Switzerland’s political stability, economic prosperity, central geographic situation within Europe and natural beauty, as well as superb architectural and construction quality, all contribute to Swiss real estate being in an investment class of its own, particularly favoured by foreign investors seeking safe investment with stable returns.
A small mountainous country, Switzerland has on the other hand only limited land available for construction. To protect the real estate market from overheating and speculation, the acquisition of Swiss real estate by foreigners has long been limited by law (Lex Koller) – cantonal authorisation is needed before gaining title.
In the past few years, the Swiss real estate market has enjoyed continuous liberalisation. Today, foreign investors are no longer discriminated against when acquiring commercial, as opposed to residential, real estate.
Commercial real estate includes factory buildings, warehouses and storage areas, offices, shopping centres, shops, hotels, restaurants, workshops or doctors’ offices, but excludes the construction and letting of homes.
The acquisition of commercial real estate by foreign investors is not subject to a permit or any other discriminatory restriction; commercial real estate can be used by the owner itself, let or held solely as a capital investment.
However, should a company own commercial real estate and undeveloped land, its acquisition by a foreign investor will only be tolerated, as a rule, if the undeveloped land accounts, as a rule, for less than a third, and no more than half, of the total real estate surface area, and is developed within a year.
Should the company own commercial and residential real estate, its acquisition would only be tolerated if the residential real estate accounts for not more than 20% to 33% of the total real estate surface area (the range depends on the particularities of the case and the practice of the competent authorities).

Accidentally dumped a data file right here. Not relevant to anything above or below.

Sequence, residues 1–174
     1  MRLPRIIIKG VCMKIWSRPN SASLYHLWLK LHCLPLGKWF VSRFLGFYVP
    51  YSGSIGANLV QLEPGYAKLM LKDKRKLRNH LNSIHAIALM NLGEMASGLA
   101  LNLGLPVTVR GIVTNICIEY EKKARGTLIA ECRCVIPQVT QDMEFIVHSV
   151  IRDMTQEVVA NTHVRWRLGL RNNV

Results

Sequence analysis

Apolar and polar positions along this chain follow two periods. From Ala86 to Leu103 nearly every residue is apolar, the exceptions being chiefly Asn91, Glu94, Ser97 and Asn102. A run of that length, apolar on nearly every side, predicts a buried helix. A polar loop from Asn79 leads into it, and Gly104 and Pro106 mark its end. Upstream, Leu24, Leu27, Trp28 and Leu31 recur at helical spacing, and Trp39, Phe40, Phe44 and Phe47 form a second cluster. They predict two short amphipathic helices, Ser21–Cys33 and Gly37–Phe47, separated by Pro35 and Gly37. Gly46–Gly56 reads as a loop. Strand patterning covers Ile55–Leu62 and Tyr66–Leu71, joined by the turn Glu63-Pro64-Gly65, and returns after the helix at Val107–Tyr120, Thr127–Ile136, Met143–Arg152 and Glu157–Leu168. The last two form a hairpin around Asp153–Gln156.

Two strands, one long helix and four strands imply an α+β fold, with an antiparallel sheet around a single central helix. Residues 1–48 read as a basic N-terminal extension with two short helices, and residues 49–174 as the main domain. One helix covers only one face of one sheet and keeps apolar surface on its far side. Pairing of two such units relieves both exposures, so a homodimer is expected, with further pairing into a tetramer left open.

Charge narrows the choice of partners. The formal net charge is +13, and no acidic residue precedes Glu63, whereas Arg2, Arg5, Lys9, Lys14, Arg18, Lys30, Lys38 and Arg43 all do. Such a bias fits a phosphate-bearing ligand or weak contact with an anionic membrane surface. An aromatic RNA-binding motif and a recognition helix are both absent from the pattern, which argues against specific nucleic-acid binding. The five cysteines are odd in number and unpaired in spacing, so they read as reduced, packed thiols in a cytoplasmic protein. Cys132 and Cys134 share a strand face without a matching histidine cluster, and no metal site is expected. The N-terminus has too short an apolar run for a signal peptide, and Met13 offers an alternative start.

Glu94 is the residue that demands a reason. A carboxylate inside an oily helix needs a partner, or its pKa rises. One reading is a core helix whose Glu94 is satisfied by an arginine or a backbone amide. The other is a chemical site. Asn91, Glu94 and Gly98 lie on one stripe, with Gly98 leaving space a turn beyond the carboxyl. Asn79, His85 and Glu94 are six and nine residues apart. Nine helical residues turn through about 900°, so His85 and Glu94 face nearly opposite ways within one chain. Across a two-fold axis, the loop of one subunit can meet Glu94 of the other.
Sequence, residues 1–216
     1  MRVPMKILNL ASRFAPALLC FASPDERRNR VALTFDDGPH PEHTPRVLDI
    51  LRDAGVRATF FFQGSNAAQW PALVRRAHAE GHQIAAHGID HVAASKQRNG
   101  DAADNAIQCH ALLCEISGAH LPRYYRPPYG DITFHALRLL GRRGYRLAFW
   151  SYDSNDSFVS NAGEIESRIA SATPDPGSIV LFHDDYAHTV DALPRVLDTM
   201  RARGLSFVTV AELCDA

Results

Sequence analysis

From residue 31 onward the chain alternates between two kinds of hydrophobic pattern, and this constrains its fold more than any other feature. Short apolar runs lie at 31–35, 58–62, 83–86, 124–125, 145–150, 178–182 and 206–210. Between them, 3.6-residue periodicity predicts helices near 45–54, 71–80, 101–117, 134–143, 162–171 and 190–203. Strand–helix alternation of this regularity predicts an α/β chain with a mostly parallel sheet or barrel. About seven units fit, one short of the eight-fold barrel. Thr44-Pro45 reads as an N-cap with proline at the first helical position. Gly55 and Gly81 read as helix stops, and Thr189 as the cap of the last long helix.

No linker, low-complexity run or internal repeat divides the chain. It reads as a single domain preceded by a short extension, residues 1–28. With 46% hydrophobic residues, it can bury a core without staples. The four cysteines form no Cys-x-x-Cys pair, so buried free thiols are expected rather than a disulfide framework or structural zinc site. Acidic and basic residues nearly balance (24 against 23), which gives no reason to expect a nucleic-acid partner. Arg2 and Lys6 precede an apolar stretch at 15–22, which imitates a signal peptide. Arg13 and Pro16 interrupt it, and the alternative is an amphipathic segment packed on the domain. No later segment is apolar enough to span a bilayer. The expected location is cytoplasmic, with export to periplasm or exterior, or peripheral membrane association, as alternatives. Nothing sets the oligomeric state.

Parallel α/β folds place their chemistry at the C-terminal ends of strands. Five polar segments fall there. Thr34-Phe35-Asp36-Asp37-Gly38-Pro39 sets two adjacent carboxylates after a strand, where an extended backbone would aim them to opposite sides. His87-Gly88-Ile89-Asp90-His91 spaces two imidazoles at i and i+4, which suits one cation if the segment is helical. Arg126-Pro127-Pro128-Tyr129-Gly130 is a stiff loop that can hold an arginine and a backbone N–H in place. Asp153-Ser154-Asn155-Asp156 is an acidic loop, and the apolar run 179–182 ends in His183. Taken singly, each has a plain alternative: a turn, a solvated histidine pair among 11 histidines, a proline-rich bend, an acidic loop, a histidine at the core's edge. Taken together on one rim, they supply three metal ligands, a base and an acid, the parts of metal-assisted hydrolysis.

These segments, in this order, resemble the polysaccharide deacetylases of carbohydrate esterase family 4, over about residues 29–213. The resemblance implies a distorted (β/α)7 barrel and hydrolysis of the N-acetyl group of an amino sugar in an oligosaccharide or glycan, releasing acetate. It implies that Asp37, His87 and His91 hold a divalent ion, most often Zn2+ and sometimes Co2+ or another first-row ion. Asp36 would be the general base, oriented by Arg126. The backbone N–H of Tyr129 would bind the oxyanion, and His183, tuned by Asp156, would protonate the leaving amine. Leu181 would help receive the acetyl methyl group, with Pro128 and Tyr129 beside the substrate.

Still heavily restricted are investments and trade in residential real estate including purchases of a controlling stake in privately held residential real estate companies by foreign or foreign-controlled companies.
To date, investments in residential real estate by foreign or foreign-controlled companies have very rarely been permitted by the Swiss government on the grounds of prevailing national interests, one of the rare examples being the acquisition of undeveloped land for residential purposes in the structurally weak region of Andermatt by the Egyptian-controlled Orascom Development Holding.
Nevertheless, the following exceptions apply:
- The purchase of shares, even a controlling stake (defined as more than 33% of the outstanding voting capital), in a stock exchange-listed residential real estate company is allowed, but in case of a controlling stake the target company will arguably have to divest its residential real estate.
- Foreign non-EU/European Free Trade Association (EFTA) individuals legally resident in Switzerland are allowed to acquire a home as their main residence, but this must be at their place of residence.